ADVERTISING AT CURTAINUP
Short Term Listings
BOOKS and CDs
LETTERS TO EDITOR
Writing for Us
A CurtainUp London Review
The Turn of the Screw
The opening scene is set in the offices of the children's uncle, Sackville (Orlando Wells) where he is recruiting the Governess (Anna Madeley) to care for the children of his dead sister. Initially her charge will be the girl Flora (Lucy Morton) but soon after her arrival Flora's brother Miles (Laurence Belcher) is expelled from boarding school and comes to live at home. This rather pompous uncle becomes almost flirtatious when he offers to read the Governess's palm and she certainly sees it as a sexual advance. But any hopes as to their future involvement with a Jane Eyre type ending are dashed when Sackville makes it clear that she is not to ask him to have anything to do with the children or their upbringing. The Governess travels to Essex and is met at Bly by Mrs Grose (Gemma Jones) the housekeeper who is mysterious and evasive about how the last governess Miss Jessell died. The children have been close to many deaths, of their parents and the last governess.
Lindsay Posner has based his production on this quote from Henry James' novella in the voice of the governess. "I was there to protect and defend the little creatures in the world the most bereaved and the most lovable, the appeal of whose helplessness had suddenly become only too explicit, a deep, constant ache of one's own committed heart. We were cut off, really, together, we were united in our danger. They had nothing but me, and I — well, I had them."
Peter McKintosh's revolving set has been designed with the rooms on a level but up above a swathe of cloud, shrubs and rock breaks through the walls and tall windows to create an impression of the outside of the house, and for the audience to see what ghostly figures the Governess is seeing through the windows or up the tower. When the set revolves we can see the edge of the water, the reeds and the rowing boat.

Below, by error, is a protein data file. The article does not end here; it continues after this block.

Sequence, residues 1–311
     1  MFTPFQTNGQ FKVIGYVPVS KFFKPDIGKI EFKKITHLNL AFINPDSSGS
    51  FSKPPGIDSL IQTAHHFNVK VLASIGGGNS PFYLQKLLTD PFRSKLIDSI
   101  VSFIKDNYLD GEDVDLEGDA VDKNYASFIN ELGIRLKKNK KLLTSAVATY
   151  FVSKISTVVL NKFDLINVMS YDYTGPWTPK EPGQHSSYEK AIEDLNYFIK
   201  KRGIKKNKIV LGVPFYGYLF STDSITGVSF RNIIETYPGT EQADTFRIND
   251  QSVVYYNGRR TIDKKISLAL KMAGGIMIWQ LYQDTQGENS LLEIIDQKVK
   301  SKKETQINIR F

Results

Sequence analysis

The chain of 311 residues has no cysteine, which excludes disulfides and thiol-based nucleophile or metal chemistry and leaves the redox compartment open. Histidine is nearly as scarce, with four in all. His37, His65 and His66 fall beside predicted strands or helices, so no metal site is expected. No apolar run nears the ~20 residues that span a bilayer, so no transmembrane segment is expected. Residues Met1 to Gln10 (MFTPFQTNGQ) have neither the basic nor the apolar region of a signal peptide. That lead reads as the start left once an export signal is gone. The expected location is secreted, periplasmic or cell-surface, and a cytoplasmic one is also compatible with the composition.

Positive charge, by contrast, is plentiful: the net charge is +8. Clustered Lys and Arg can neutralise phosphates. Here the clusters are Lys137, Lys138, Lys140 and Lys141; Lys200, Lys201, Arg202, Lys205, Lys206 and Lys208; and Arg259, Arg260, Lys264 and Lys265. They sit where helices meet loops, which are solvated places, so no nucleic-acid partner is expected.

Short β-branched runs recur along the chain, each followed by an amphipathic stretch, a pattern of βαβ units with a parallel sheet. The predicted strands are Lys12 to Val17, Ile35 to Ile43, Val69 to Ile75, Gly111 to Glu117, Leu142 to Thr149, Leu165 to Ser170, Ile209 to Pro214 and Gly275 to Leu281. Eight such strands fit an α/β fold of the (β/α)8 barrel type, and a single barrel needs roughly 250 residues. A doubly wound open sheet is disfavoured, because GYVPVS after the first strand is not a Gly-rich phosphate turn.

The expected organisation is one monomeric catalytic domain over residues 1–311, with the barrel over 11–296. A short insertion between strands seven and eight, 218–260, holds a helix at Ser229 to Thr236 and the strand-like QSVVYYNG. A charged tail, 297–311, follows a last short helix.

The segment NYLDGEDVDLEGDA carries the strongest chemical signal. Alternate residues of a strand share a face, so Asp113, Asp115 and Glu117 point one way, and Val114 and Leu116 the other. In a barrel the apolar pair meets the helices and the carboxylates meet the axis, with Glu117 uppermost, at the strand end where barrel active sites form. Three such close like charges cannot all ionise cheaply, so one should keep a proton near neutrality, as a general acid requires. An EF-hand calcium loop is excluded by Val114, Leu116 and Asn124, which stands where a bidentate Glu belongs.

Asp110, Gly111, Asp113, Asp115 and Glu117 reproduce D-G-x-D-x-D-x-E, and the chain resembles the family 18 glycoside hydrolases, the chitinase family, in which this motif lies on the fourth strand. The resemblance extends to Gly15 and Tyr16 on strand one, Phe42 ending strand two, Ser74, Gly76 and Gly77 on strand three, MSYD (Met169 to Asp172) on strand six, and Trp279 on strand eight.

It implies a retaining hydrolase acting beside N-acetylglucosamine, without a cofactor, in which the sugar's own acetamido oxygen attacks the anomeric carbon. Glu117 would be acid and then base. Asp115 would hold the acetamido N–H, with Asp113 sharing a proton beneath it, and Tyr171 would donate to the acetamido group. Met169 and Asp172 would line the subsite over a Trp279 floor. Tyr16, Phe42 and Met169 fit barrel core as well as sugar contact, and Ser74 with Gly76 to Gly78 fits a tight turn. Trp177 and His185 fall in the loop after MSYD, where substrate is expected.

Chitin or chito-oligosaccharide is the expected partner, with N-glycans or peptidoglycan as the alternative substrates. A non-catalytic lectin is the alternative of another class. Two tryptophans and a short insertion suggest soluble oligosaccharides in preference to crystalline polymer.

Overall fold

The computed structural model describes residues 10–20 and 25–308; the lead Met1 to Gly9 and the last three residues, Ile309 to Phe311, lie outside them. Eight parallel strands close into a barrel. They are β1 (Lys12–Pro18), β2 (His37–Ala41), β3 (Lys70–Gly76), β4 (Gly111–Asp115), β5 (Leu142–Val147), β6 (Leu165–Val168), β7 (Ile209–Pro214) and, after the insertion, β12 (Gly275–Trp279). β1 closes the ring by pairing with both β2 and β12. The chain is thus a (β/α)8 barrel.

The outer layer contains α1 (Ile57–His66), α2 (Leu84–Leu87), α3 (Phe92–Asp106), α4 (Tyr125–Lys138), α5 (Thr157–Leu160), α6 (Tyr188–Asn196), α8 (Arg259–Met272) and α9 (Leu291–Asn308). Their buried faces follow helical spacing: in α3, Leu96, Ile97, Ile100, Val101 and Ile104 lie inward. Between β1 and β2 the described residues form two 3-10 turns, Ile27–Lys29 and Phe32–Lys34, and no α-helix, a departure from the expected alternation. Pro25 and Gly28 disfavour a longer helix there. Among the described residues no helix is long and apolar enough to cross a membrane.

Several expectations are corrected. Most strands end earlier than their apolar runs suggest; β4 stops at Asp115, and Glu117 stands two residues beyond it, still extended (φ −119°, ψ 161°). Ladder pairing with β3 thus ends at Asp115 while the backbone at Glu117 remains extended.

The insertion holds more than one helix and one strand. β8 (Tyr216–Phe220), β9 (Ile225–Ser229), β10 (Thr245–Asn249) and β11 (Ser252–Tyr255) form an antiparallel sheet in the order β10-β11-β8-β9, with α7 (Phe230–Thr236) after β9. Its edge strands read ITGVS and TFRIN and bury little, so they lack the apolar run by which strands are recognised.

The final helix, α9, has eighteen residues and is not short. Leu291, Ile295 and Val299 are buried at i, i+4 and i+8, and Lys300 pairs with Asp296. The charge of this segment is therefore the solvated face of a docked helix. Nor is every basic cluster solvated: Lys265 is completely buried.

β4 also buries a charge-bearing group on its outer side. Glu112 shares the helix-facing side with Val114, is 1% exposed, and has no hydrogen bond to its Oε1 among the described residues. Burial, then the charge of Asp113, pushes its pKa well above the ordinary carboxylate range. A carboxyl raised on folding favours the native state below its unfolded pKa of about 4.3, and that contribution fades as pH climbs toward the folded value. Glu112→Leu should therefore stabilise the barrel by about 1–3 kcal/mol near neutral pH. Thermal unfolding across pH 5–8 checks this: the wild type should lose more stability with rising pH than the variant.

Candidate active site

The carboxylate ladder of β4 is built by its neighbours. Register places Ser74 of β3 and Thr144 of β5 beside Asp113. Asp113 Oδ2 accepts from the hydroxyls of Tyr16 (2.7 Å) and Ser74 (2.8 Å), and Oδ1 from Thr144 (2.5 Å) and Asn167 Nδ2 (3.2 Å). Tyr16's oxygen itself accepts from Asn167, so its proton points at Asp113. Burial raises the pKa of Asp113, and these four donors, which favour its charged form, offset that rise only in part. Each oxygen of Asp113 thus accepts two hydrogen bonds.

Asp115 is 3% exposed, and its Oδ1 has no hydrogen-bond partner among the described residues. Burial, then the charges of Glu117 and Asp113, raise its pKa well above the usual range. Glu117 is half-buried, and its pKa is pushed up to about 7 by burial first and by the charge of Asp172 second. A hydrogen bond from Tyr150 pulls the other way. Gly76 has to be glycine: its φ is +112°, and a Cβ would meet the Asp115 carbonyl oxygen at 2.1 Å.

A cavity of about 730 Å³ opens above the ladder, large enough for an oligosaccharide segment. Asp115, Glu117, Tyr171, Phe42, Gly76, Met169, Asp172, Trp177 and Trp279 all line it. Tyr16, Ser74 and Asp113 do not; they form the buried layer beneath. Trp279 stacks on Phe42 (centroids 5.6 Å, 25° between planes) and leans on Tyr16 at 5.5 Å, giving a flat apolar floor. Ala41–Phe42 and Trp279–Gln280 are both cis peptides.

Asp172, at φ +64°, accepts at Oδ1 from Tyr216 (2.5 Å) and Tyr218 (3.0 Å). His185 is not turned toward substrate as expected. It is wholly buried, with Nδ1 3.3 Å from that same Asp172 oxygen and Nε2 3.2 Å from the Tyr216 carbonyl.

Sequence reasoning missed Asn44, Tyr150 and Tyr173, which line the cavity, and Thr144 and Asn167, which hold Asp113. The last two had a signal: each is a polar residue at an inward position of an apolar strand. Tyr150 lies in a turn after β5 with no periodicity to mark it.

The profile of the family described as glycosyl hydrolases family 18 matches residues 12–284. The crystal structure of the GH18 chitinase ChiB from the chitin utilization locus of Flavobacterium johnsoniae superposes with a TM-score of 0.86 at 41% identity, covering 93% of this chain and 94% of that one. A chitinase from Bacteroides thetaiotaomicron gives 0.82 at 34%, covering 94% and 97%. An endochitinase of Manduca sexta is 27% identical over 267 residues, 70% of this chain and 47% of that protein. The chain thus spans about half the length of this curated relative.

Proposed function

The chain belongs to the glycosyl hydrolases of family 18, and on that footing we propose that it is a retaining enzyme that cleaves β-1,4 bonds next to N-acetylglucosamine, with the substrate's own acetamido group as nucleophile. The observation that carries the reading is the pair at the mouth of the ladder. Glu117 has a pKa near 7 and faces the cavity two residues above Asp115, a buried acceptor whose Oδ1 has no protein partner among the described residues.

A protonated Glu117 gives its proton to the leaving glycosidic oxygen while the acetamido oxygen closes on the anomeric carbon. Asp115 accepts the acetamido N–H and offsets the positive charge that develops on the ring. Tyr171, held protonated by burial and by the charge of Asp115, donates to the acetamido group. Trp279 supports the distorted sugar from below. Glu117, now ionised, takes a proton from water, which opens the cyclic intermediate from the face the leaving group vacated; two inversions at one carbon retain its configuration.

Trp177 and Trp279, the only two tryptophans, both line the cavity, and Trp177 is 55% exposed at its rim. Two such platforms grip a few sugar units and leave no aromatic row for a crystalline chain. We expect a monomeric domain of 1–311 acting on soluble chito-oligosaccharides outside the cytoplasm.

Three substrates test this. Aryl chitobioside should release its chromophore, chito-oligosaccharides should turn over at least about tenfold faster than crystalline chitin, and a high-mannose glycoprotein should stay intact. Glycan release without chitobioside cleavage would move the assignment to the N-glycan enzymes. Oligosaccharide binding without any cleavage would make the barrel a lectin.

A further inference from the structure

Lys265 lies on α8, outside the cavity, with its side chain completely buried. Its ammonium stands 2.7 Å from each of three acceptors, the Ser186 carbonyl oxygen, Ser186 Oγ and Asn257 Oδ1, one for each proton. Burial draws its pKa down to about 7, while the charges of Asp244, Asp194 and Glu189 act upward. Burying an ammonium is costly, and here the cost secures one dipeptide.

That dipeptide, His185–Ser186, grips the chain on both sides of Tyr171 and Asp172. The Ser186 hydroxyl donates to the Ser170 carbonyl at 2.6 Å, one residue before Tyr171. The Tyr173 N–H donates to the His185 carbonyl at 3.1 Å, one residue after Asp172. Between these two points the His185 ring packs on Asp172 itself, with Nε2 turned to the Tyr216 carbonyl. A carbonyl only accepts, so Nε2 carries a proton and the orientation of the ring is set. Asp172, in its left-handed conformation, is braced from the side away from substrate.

The story depends on the ghost story gasp of the sudden appearance of the figures who are dead and the mystery is whether the children have been involved with evil or whether the governess has an overactive imagination and is sexually repressed. At one point the director has the governess touch herself when she thinks she is alone. One of the changes made is that Miles in the original is 10 years old whereas here the actor has gone through puberty and his voice has broken. Still any scenes between the governess and the boy with sexual overtones are distasteful with 21st century child abuse awareness.
Anna Madeley seems agitated and nervous as the Governess coping with these strange children but trying to give them motherly love. She does what the director asks and acts out sexual curiosity as she hears the tale of Miss Jessell (Caroline Bartleet) and her coarse lover Peter Quint (Eoin Geoghegan). She is terribly humiliated by the sexually aware Miles who says to her, "I thought all poor people wanted to marry into money,"and gropes her breasts. Gemma Jones brings normality as the kindly housekeeper. Lucy Morton, the night I saw alternate Floras, had a nicely mechanical delivery with a steady gaze and was definitely unsettling. I found Laurence Belcher's Miles creepy. There are moments when the audience instead of being chilled, laughs out loud but on the whole Scott Penrose's supernatural illusions surprise. What didn't work for me were the sexual undercurrents which will also dissuade the parents who have kept the teenage audience going to The Woman in Black.
Retold by Tina Packer of Shakespeare & Co.
Click image to buy.